The lure of Hawaii’s trails always has been great, but since the advent of social media that guide visitors to hidden attractions, it’s been supercharged. The world now has access to information about nature adventures in the islands previously known to kamaaina, and the visitor population, now numbering close to 10 million annually, is taking advantage of that.
In addition to the wear and tear on natural sites, the crowds have led to an increase in mishaps requiring an assist from government rescue crews. Of course, the wayward hiker could very well be a local resident as well as a tourist, but it’s the peak level of visitors to Hawaii that has compounded the search-and-rescue burden.
And that helps to make the case for the latest attempt to recoup some of the cost of intrepid hikers ignoring no-trespass and trail-closed signs. Senate Bill 248, sponsored by state Sen. Mike Gabbard, would seek reimbursement of rescue costs from hikers who are rescued while trespassing.
Current law gives public agencies the discretion to recoup costs, but the bill would make it mandatory for government entities that conduct search-and-rescue operations to do so. Further, the bill would increase the penalties for trespassing or violating the conditions of any permit: First, second and third violations would incur respective fines of $500, $750 and $1,000.
The measure seems to have some firepower, as the committees on Public Safety, Intergovernmental and Military Affairs; and Water and Land have pushed it along unamended.
In the committee report, lawmakers asserted that “unlawfully entering trails that have been closed to the public puts those entering the trails at significant danger of injury, risks damage to native habitats and other natural resources, and potentially requires difficult and expensive rescue operations to retrieve persons who are injured or become lost … the costs associated with the search and rescue of individuals who willfully disregard their own safety by ignoring posted warning signs are considerable.”
This does seem warranted, given the determination shown by some foolhardy adventurers to forge ahead.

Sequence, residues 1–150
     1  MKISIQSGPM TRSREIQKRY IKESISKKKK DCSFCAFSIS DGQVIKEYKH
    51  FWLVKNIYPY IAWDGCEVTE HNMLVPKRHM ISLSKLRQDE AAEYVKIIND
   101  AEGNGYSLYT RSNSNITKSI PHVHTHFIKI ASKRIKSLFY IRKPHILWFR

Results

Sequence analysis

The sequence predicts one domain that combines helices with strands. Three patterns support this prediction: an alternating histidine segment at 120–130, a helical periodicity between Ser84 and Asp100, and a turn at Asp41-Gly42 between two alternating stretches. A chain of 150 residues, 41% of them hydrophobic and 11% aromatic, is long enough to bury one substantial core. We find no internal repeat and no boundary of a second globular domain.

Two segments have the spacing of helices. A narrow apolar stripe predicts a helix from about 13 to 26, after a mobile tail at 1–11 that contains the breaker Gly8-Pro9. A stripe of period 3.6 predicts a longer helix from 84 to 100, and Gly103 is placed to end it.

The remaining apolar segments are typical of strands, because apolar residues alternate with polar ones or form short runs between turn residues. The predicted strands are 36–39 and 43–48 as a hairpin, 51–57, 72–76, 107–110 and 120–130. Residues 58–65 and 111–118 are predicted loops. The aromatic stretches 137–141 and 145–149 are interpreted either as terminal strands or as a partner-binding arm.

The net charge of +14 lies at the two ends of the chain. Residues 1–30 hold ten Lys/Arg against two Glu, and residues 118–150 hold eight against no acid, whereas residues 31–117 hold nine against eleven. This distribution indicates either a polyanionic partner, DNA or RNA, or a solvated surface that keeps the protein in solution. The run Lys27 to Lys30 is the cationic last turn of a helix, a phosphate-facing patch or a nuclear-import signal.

Example: The Haiku Stairs, a steep climb up ridgeline stairs to a Koolau summit in Kaneohe, has been closed for years, and there’s ample warning of the fact in several social media channels as well as in signs at its closest access point, which requires trespassing on private property.
That has not stopped trekkers from striking out on the climb in the pre-dawn hours when they won’t be caught by guards and making the climb, anyway. There have been numerous rescues when the hiker finds it exceeds his or her skill and endurance levels.
Gabbard said the impetus for the bill was the case last fall when four men entered the Manoa Falls trail after it was closed due to rockfall hazards following a landslide.
SB 248 has support from some rescuers themselves. Capt. Stephen Gerona II of the Honolulu Police Department Specialized Services Division said in written testimony that HPD backs the measure because it allows recovery of costs for rescuing those “who have willfully disregarded their own safety.”
The fines, Gerona said, also would send a message of discouragement to others contemplating taking the risk of an illicit hike.
The state Department of Land and Natural Resources has backed the measure, although its director, Suzanne Case, has cautioned that fear of incurring a fine might cause violators, reluctant to call for help, to get into worse trouble.
That’s a consideration. But assuming the state redoubles efforts to check that clear signs are posted, the more likely outcome is that the risk-takers will opt out. And that would be a mercy for the state’s strained resources, not to mention for hiker safety.